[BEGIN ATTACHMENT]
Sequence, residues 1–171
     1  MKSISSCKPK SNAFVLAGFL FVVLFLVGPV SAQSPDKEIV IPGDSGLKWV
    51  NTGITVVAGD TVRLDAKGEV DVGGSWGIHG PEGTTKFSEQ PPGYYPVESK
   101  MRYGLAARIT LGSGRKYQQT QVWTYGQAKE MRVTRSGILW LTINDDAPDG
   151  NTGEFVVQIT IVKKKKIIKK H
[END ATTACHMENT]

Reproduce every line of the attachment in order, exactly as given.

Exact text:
Sequence, residues 1–171
     1  MKSISSCKPK SNAFVLAGFL FVVLFLVGPV SAQSPDKEIV IPGDSGLKWV
    51  NTGITVVAGD TVRLDAKGEV DVGGSWGIHG PEGTTKFSEQ PPGYYPVESK
   101  MRYGLAARIT LGSGRKYQQT QVWTYGQAKE MRVTRSGILW LTINDDAPDG
   151  NTGEFVVQIT IVKKKKIIKK H